If the rebranding is not based on strategy and purpose, or the owner of the brand feels bored with the business, don’t do it. It will fail. If you don’t have enough budget or time to dedicate yourself and your team to a brand audit to discover what worked and what didn’t, or what is worth saving and what isn’t, don’t do it. It will fail. You might be surprised to discover how committed some of your customers are to your brand. Making them part of the process can insulate your brand from an adverse reaction. If rebranding is your intention, be sure to survey your customers to determine the nature of their brand allegiance and help them participate in the process. If your customers have a stake in your brand and you change it without warning, it can feel to them like a personal attack.

OK, here is the main question of our discussion. Can you share five strategies a company can use to upgrade and re-energize its brand and image? Please tell us a story or give an example for each.

1) Conduct a Google search for your company name and see what you find. Does it align with your vision of who you are as a company? If it does not, create content at scale and populate it on as many online platforms as possible.

2) Survey your customers. Ask them how they feel about your brand or products. What has been their experience? Would they like to see something change? Know that your customers are usually right and check your ego when you get feedback. If a customer is willing to talk, be grateful that they are taking precious time to engage with you at all.

3) Survey your employees or consultants. Do they understand what you stand for and what services you deliver to customers? How are they representing your brand on their own social media? Are they proud to share the work they are doing? Can they repeat your brand promise to a potential customer if you aren’t there?

4) Audit all social media channels. Is there a consistent look, feel and vibe for your brand across all channels? If not, consider hiring a social media content or brand strategist to boost your content.

5) Write articles. Start writing an article a week about a relevant topic to your business. Insightful articles show your industry expertise and passion for your work.

In your opinion, what is an example of a company that has done a fantastic job with a brand “makeover”? What specifically impresses you? What can another brand do to replicate that?

Microsoft. It used to be invisible, a backend solution. Now, the company has activated its top visionary leaders to create an incredible amount of content and place it all over social media. Microsoft used to be a faceless “we have no choice” technology company. It has, over the last few years, perhaps since its acquisition of LinkedIn, effectively humanized the Microsoft brand by activating Melinda Gates and other top leaders to speak, write, share anecdotes, write books and more. Learn that lesson.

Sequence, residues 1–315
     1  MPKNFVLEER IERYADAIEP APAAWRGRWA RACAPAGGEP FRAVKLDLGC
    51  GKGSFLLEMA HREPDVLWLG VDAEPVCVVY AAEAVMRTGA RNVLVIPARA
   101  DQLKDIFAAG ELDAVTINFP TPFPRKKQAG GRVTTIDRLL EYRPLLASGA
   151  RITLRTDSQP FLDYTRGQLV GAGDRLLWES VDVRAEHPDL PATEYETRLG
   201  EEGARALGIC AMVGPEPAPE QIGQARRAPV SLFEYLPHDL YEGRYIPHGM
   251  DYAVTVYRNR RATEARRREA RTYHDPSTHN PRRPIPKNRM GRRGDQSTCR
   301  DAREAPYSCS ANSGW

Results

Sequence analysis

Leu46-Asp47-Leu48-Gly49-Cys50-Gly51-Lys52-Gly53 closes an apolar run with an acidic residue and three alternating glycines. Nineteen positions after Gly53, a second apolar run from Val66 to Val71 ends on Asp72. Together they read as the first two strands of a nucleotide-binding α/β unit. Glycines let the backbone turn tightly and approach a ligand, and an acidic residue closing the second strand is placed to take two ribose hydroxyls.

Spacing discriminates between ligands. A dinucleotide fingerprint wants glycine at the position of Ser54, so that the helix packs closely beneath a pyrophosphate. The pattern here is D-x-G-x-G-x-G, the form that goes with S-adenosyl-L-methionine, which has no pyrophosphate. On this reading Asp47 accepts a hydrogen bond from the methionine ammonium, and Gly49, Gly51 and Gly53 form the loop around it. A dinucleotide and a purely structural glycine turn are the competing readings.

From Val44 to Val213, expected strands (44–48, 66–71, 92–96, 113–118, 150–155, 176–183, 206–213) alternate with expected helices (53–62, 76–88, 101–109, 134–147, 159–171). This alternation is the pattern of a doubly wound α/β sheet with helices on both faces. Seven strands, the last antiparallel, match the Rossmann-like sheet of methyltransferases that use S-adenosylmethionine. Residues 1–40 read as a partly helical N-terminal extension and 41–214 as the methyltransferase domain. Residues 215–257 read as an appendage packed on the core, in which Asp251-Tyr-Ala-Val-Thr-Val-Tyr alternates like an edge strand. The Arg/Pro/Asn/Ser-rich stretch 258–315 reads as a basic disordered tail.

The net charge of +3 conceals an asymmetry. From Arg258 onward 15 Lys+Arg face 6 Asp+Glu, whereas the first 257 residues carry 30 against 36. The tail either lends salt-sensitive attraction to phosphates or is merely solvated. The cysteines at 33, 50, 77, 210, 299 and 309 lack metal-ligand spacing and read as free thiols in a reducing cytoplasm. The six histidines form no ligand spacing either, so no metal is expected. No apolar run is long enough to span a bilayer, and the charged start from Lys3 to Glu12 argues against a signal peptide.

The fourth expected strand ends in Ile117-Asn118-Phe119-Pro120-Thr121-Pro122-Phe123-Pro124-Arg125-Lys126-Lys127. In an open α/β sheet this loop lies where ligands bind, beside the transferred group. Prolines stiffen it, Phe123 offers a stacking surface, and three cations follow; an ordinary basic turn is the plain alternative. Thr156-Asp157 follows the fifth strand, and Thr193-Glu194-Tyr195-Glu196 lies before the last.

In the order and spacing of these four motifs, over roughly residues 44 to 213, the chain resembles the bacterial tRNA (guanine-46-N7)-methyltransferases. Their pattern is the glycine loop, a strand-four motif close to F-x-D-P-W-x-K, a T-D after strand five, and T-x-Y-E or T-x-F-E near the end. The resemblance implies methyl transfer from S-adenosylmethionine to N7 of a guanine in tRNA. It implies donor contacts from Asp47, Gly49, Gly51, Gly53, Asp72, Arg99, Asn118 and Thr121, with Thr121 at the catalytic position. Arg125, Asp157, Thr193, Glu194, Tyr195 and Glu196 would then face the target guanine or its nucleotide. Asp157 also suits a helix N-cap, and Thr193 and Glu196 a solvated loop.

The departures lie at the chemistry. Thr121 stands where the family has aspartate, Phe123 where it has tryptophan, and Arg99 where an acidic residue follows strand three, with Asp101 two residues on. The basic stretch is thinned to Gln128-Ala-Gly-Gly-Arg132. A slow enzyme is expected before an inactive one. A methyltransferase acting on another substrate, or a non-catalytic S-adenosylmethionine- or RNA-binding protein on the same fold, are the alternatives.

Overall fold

You are a person of great influence. If you could inspire a movement that would bring the most amount of good to the most people, what would that be? You never know what your idea can trigger.

I want American working women to join together, all ethnicities, and decide that they are going to help each other find jobs, launch businesses, get capital, land deals, and ensure equal pay across all industries. I want women to have financial independence. If I could inspire a movement, it would be to get women to work together in an intentional way at scale. Think underground railroad, but for all women. We need to free ourselves.

Can you please give us your favorite “Life Lesson Quote”? Can you share how it was relevant to you in your life?

“Seize the day.” My mother used to tell me if I overanalyzed things, wonderful opportunities would pass me up. This is one of my guiding principles: to consider relevant opportunities momentarily, but to say yes, and go. There have been times when I’ve taken too long to answer, and I’ve lost my shot. Most of the time I tap into my energy and run with things. I really hope my energy lasts over the long haul of this pandemic!

How can our readers follow you online? I love Instagram as a primary marketing tool because it presents my agency brands and visual aesthetic. @birkcreative and @honestfieldguide. Thank you so much.